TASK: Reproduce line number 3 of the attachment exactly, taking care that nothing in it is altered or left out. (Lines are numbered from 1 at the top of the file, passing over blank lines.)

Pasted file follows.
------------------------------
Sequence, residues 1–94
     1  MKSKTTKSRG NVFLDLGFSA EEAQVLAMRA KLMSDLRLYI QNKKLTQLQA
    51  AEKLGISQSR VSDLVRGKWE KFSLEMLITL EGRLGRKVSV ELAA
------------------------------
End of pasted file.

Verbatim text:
    51  AEKLGISQSR VSDLVRGKWE KFSLEMLITL EGRLGRKVSV ELAA